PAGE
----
We enjoyed a drink in the bar on our first night, sinking into deep leather sofas in front of a crackling wood fire and sipping pink champagne and a rather potent house cocktail. By night the bar is velvety as a nightclub, but by day it offers privacy and comfort for business meetings.

Breakfast at La Tremoille is served in the ground-floor restaurant, which extends seamlessly from the bar in the shape of an ‘L’. A fulsome buffet included fresh pastries and breads, sliced and stewed fruits, pressed juices, and yogurts displayed in an ice-bowl. For those with healthy morning appetites there were cold meats and cheeses and a selection of hot foods: eggs, bacon and flavourful mushrooms. Fresh coffee and tea were made to order.

Hotel La Tremoille is a terrific example of understated Parisian luxury: no comfort was neglected, and no request was too much for the friendly staff. The hotel is also close to many top restaurants and bistrots catering to every taste and price range.

The hotel’s rack rate for a standard double room including continental breakfast starts at €596, including taxes and service charge. However, the hotel participates in numerous Web-based promotions and we have found promotional rates for Hotel La Tremoille as low as €330, so do check online for the best rates.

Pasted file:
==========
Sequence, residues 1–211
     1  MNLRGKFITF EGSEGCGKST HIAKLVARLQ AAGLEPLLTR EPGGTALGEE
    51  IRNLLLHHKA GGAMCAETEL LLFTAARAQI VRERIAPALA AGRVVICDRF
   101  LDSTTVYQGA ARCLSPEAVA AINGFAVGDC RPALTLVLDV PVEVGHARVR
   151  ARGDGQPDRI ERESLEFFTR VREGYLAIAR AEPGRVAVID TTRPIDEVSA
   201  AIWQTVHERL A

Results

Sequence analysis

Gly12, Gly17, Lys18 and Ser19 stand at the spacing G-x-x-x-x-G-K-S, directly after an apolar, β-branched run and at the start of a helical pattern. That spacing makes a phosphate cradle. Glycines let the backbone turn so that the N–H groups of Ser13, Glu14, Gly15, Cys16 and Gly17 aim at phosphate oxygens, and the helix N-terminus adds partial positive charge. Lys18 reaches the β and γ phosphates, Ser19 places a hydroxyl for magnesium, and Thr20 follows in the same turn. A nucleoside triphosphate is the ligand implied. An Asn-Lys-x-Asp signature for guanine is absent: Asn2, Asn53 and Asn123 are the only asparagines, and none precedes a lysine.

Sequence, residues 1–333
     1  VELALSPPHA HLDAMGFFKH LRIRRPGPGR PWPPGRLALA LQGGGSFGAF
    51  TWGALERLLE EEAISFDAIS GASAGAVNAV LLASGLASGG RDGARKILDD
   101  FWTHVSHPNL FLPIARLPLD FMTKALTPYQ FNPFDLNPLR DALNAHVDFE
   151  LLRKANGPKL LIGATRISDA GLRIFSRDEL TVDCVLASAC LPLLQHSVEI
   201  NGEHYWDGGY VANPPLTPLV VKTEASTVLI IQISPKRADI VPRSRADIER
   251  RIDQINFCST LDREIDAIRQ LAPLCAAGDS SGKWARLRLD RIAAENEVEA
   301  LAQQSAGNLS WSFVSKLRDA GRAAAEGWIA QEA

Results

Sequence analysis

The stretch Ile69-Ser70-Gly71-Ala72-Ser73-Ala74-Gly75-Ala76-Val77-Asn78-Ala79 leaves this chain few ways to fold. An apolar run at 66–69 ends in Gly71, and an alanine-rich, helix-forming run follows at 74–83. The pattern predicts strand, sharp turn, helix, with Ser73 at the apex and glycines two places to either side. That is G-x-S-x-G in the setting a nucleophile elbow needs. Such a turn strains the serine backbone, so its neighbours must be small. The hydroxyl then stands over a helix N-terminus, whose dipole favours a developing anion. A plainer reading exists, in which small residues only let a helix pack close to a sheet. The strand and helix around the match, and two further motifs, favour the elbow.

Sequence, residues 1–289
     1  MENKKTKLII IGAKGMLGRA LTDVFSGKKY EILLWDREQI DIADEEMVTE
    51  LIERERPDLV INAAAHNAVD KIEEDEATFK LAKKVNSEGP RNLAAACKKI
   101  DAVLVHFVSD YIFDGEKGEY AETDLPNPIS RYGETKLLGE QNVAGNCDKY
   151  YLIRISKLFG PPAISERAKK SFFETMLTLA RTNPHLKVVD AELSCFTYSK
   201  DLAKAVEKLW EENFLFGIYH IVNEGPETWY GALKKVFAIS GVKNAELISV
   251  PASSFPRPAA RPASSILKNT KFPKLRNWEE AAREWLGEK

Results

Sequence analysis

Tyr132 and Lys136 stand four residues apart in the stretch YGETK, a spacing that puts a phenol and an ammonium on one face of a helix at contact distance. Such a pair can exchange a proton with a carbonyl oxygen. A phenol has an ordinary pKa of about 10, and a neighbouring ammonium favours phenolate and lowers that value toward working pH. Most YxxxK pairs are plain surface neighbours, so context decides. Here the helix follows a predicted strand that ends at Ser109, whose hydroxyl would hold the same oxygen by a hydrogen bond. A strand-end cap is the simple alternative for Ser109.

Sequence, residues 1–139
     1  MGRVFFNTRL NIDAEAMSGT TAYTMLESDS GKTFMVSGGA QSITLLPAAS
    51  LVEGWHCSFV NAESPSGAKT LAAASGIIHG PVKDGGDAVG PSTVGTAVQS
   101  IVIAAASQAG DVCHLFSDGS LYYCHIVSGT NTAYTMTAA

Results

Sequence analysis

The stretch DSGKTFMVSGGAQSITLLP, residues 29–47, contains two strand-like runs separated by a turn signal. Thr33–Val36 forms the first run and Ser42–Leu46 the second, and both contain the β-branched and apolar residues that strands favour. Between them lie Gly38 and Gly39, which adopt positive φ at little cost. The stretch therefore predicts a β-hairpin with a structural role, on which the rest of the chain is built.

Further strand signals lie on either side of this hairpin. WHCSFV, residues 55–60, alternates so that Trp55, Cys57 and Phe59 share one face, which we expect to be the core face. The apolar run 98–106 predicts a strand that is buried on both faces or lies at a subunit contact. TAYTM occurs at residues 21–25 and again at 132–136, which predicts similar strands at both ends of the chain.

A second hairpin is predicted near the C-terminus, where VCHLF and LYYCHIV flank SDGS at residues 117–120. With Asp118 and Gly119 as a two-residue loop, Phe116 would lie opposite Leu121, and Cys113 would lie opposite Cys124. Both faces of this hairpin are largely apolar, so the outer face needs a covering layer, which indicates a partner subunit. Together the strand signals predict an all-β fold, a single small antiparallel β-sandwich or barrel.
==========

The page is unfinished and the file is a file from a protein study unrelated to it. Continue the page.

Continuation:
For more information, visit Hotel La Tremoille's website here.

Hotel La Tremoille
14 rue de la Trémoille
75008 Paris
Tel. : +33 (0)1 56 52 14 00

Lao Lane Xang Restaurant
102 Avenue d'Ivry, Paris

The Lao Lane Xang restaurant in the far southeast of Paris, just inside the Peripherique in the 13th Arrondissement's Asian quarter, offers a range of cooking from Laos, as well as Vietnam and Thailand. The owners are Laotian, and the restaurant is, to the best of my knowledge, the only one of its kind in Europe.

The cuisine of Laos is often confused with that of the northeastern Thailand, known as Isaan. That part of Thailand was once Laotian, and to this day there are some dishes common to both countries such as laap, made from raw fish or meat and chopped herbs. Laos’ cuisine has also been influenced by the French colonists, with baguettes and coffee featured on most menus. These and many other factors make Laotian food really interesting and varied.

One translation of the word Laos is 'sticky rice eaters', and this wonderfully pure product is at the heart of any Laotian meal.

Having spent a wonderful time in Laos (see my posts on Luang Prabang here and here), whenever we are in Paris we head to the Lao Lane Xang restaurant for our fix of Laotian dishes. We started with some delicious Laotian prawn rice pancakes (£5), with an aromatic crispy rice salad which we wrapped up in lettuce and mint leaves (£6.50).

Our main course was crispy duck with red curry, basil and tamarind sauce (£9). The duck was richly tender, and enhanced by the deeply fragrant sauce, complemented by a refreshing green papaya salad (£6.50), and the obligatory Laotian sticky rice (£2.30).

We enjoyed a bottle of spicy, perfumed Hans Schaeffer Gewurztraminer Reserve 2009 from Alsace, which was a real steal at only £15.

Few would think of going Laotian when in Paris, but if you have been lucky enough to visit Laos and try the cuisine, a trip to Lao Lane Xang in Paris will undoubtedly bring back some very fond memories. Highly recommended.